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Discussing The Black Church in Colorado and beyond

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DENVER — The Black church has been a topic of great discussion at Rocky Mountain Public Media in recent weeks. The history of the Black church in America goes back 400 years. During the hundreds of years of American slavery, church was often the only way that African Americans could gather, and it quickly became the center of community life. In anticipation of Henry Louis Gates’ special, “The Black Church,” two of our volunteer radio hosts recently interviewed several community leaders to discuss the Black church in Denver and beyond. 

Kyle Speller, affectionately known as “PK,” is host of “Gospel Jams” on THE DROP, and Deborah Walker is the host of “The Gospel Train” on KUVO. Both radio shows air every Sunday morning. PK grew up going to New Hope Baptist Church in Denver and is the Public Address Announcer and team Chaplain for the Denver Nuggets, as well as the Associate Pastor at Emmanuel Christian Center in Montbello. Deborah is an influential leader in the gospel industry, and regularly works behind the scenes with artists, producers, promoters and music label executives to stimulate the development of gospel music and its growing markets.

Jonathan Wynn is the Chaplain for the Detroit Pistons. He’s also very involved with youth (he has 20 grandchildren) and he is a school consultant on school culture and climate. He describes himself as a “worship leader for the community.”  He’s a “son of the civil rights movement” – he grew up in Birmingham, Alabama and his father and grandfather were activists and community organizers, and the church was right across the street. He moved to Detroit during high school and church continued to be a key influence in his life. Wynn says “the power of the Black church is still there,” even though attendance has been down in all churches. He says that power can be seen in the church’s role in disseminating information. According to Wynn, the church is how information is shared within communities, and what is beneath the mobilization to social action that is being seen across the country. He feels that COVID-19 has been a “wakeup call” as the church had to go “back to fundamentals” online – which is all about relationships. The pandemic, he adds, has leveled the playing field in that “small churches don’t feel inferior to the megachurches because everyone’s on Zoom now!”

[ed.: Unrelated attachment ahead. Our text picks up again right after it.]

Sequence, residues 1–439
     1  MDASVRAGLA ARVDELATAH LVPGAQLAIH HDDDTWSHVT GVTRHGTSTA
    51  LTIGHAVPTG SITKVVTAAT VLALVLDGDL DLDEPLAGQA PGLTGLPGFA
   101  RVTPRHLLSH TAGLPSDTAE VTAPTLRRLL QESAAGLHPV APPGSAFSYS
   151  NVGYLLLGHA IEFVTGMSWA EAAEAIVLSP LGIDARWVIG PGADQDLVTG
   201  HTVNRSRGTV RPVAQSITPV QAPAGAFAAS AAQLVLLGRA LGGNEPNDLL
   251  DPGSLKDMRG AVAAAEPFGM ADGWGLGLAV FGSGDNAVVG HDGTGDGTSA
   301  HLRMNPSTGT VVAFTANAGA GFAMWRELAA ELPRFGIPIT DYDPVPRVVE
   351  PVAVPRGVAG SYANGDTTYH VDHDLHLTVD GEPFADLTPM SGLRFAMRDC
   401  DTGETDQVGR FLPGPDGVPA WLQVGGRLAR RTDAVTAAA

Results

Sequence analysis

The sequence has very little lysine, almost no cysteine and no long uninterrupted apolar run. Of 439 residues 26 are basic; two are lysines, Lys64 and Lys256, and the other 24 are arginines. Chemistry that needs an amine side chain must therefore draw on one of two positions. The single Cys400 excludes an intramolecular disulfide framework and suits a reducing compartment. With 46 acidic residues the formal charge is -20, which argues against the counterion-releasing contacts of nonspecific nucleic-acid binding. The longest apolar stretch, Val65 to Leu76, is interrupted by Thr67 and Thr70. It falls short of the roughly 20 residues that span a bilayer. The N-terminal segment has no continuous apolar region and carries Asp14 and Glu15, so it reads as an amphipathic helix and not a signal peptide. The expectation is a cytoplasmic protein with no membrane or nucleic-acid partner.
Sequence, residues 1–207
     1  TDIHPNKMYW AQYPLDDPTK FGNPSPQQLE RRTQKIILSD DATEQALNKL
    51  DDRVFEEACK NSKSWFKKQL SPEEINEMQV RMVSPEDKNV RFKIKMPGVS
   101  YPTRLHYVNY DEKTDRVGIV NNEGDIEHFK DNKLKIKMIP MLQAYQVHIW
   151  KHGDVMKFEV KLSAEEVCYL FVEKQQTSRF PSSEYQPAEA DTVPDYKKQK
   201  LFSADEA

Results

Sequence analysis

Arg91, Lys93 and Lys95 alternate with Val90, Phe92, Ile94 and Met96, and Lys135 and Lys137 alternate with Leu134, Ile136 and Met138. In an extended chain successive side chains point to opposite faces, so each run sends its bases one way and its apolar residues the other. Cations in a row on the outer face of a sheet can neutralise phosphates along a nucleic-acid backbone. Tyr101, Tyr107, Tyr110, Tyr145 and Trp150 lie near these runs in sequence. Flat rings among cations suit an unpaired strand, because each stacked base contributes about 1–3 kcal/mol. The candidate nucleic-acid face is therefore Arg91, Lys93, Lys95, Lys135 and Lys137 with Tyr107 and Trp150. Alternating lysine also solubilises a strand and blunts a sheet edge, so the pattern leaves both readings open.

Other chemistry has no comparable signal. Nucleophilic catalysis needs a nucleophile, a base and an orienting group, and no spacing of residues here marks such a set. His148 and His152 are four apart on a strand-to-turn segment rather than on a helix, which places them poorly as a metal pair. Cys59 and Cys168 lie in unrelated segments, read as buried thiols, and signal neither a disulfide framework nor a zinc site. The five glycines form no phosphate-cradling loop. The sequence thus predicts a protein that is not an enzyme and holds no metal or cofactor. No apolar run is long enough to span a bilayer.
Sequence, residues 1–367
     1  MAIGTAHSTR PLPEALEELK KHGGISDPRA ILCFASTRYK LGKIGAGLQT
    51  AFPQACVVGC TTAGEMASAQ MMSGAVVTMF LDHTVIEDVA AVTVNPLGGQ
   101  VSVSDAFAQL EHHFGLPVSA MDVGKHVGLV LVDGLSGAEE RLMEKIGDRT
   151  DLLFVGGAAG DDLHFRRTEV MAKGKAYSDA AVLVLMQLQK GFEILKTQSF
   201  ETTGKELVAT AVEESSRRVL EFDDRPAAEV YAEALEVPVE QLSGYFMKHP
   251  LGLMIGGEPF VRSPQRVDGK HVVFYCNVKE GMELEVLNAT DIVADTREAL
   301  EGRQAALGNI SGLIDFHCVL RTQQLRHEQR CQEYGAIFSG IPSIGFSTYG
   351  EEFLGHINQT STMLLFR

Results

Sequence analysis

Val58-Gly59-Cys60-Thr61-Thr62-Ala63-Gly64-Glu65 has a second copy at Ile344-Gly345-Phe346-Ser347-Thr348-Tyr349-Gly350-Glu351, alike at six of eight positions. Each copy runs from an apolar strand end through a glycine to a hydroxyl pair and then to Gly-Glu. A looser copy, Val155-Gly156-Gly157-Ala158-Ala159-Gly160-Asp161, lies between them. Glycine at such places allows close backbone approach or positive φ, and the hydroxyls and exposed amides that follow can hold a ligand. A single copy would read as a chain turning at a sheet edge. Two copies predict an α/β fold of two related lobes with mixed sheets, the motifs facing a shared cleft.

“The Black Church” premieres February 16 at 8 p.m. on Rocky Mountain PBS. In a two-part special, Henry Louis Gates, Jr. explores the roots of African American religion beginning with the trans-Atlantic slave trade and the extraordinary ways enslaved Africans preserved and adapted faith practices from the brutality of slavery to emancipation.

Dr. Roger Holland II is an assistant teaching professor at the University of Denver, focusing on the intersection of African American Music and Religion. He is also the Director of The Spirituals Project, an educational performing group. Holland also works the Director of Music at Zion Baptist Church, the oldest Black Baptist Church in Denver and the Rocky Mountain Region. He says that “Black church is the oldest institution to survive slavery, perhaps the only Black institution to survive. It’s the bedrock of the Black community and is responsible for many of our institutions: schools, banks... and our first lawyers, doctors, and politicians.” He explains that many artists, musicians and performers got their start in the Black church and that its music influenced secular music. Holland says that those churches that already embraced digital technologies were quick to adapt when COVID hit.

Jordan Simpkins, aka “J River”, is an Associate Minister and the Minister of Music at Emmanuel Christian Center. He is a Christian hip-hop artist and rapper who encourages folks to “choose the good things” in life. He says that he doesn’t “force Jesus down people’s throats” and that the Black church is needed as a place for likeminded people to gather. 

Simpkins added that children especially need positive male and female role models, and that church can provide that positive environment. Simpkins explained that large gospel choirs are rare now and that they require “special care and attention," largely because of the pandemic. In his church, “The Praise Team has taken off—10 members who can sing well and hold a note.”

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